3. ORDER: Let all your things have their places; let each part of your business have it’s time.

4. RESOLUTION: Resolve to perform what you ought; perform without fail what you resolve.

5. FRUGALITY: Make no expense but to do good to others or yourself; i.e., waste nothing.

6. INDUSTRY: Lose no time; be always employ’d in something useful; cut off all unnecessary actions.

7. SINCERITY: Use no hurtful deceit; think innocently and justly; and, if you speak, speak accordingly.

8. JUSTICE: Wrong none by doing injuries, or omitting the benefits that are your duty.

9. MODERATION: Avoid extremes; forebear resenting injuries so much as you think they deserve.

10. CLEANLINESS: Tolerate no uncleanliness in body, clothes, or habitation.

11. TRANQUILITY: Be not disturbed at trifles, or at accidents common or unavoidable.

12. CHASTITY: Rarely use venery but for health or offspring, never to dullness,  weakness, or the injury of your own or another’s peace or reputation.

13. HUMILITY: Imitate Jesus and Socrates

Benjamin Franklin was one of America’s Founding Fathers as well as an inventor, statesman, printer, author, and creator of his own personal wealth. He sought no political office, yet provided the roots for a democratic republic to grow and flourish. His success can be attributed to many things, but include his practice of Thirteen Virtues. Your practice of these same virtues to allow you successfully navigate the Cycle of Positive Wealth© will allow you to achieve James Ward’s redefinition of Wealth as the ability to acquire more money than you spend, and to save more money than you owe.

WEALTH VIRTUES by James Ward can be found online at Amazon, Barnes & Noble, as well as other online outlets including the Resource Store at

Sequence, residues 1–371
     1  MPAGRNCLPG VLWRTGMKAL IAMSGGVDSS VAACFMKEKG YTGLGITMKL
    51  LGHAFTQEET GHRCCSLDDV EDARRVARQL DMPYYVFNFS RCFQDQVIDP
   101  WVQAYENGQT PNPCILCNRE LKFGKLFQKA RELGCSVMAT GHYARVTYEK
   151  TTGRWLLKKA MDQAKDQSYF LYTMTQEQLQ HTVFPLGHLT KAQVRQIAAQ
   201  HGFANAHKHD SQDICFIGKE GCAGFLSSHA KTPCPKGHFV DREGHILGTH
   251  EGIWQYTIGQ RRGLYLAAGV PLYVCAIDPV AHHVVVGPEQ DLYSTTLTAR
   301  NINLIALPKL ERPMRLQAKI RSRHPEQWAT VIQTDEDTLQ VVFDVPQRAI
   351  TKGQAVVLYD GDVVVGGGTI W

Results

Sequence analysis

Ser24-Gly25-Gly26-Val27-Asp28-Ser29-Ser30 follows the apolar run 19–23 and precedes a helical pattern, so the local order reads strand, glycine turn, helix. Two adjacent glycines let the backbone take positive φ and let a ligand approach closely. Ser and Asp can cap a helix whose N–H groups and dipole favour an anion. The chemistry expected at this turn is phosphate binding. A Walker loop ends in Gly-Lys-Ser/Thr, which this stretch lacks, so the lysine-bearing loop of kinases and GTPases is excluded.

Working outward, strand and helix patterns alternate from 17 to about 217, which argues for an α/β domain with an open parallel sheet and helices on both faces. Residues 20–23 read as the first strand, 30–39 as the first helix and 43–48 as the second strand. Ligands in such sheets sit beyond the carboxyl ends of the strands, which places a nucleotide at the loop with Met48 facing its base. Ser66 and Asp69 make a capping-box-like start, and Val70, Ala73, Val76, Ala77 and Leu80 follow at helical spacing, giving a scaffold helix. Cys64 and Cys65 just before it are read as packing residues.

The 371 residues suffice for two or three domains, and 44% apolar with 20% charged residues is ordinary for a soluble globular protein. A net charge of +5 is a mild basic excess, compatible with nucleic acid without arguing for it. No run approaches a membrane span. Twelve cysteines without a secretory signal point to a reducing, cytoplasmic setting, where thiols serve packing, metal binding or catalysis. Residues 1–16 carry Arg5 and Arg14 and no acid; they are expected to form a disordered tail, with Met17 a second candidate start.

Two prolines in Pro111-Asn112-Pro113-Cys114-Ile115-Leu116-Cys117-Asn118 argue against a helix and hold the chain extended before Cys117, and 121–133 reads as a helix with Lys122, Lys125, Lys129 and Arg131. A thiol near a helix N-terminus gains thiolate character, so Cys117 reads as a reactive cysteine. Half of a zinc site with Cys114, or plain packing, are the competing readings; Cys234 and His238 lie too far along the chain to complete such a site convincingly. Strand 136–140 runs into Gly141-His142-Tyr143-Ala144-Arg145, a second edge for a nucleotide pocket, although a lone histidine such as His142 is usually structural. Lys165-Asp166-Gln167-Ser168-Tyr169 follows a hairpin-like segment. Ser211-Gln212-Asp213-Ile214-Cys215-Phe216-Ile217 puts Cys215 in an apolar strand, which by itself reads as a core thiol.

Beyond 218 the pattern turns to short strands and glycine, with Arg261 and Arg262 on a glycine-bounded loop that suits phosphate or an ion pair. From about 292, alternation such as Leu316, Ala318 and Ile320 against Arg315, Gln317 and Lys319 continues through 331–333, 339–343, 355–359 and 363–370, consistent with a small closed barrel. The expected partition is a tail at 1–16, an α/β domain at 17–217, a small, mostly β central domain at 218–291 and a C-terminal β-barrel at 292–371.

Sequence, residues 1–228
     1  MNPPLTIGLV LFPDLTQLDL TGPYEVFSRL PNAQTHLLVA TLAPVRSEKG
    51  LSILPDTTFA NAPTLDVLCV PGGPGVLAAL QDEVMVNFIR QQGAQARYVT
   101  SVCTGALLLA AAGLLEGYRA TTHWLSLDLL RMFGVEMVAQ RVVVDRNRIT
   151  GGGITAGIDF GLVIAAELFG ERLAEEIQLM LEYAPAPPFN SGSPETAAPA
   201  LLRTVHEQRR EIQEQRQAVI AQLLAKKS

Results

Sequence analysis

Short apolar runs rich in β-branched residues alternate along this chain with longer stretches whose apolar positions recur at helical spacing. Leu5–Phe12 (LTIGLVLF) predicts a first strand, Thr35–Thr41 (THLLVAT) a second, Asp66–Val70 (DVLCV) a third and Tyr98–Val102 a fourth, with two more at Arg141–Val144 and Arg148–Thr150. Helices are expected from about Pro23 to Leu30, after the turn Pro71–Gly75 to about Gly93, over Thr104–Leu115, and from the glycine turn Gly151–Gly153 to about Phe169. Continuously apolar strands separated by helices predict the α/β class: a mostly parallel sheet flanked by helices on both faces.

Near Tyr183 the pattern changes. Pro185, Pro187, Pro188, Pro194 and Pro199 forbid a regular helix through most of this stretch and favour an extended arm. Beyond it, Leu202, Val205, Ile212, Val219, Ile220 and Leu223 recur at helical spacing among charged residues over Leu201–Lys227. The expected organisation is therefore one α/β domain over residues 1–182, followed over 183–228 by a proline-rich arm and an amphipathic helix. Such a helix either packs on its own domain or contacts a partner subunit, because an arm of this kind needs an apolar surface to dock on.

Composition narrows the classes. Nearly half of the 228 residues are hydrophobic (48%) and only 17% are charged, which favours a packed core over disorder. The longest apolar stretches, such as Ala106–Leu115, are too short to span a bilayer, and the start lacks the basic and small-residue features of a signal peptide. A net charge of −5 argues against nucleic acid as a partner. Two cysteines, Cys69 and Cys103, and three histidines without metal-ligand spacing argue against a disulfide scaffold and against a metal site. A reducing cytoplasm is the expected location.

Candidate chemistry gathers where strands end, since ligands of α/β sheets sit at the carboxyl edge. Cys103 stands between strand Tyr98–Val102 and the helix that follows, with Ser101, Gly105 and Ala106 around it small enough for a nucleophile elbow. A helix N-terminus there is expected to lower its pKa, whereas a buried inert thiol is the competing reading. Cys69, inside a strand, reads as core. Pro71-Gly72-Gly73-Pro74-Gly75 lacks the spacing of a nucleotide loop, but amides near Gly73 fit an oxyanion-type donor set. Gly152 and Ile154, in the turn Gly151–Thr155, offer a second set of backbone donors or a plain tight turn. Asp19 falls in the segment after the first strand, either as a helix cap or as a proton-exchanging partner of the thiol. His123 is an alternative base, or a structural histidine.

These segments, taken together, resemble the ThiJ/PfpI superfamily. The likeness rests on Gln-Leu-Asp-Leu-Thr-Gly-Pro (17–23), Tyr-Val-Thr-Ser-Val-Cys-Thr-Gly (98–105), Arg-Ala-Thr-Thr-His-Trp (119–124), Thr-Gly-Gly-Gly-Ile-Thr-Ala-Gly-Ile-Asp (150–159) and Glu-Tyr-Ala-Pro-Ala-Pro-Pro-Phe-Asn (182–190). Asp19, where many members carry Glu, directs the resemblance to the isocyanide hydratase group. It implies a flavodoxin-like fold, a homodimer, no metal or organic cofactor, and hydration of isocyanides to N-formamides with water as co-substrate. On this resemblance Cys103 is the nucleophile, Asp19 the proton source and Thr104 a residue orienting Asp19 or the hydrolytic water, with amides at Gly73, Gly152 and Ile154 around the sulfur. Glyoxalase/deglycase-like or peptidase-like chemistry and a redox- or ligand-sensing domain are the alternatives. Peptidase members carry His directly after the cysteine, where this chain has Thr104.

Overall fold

Ten percent of the author’s earnings will be donated to First Book, an organization that provides new books to children in need.

Written by James Ward
ISBN-13: 978-1-60844-636-0
ISBN-10: 1-60844-636-0
Category: Personal Finance
Publisher: Dog Ear Publishing
Paperback 160 pages
Retail Price: $11.95

Visit for more information on the book, as well as useful tools and other recommended reading.

About the Author:

James Ward is wealthy. Not “John D. Rockefeller wealthy”, but rather has more money flowing in than flowing out. He is or has been a successful computer scientist, Coast Guardsman, Army Officer, analyst, musician, graphic designer, skier, manager for a defense contractor, business owner, and a writer. He is also a successful investor, but lives well within his means. As the owner of Poor Richard Web Press, he helps businesses, non-profits, and individuals succeed with their Internet marketing goals.  He also helps other writers with free online marketing tools at, and is a contributor to First Book, an organization that provides new books to children in need. Although his savings and investments continue to grow from the continual practice of Dr. Benjamin Franklin’s Thirteen Virtues while following the Cycle of Positive Wealth©, he realizes that his only true and most valuable treasure is his family.

Inquiries about the book can be sent to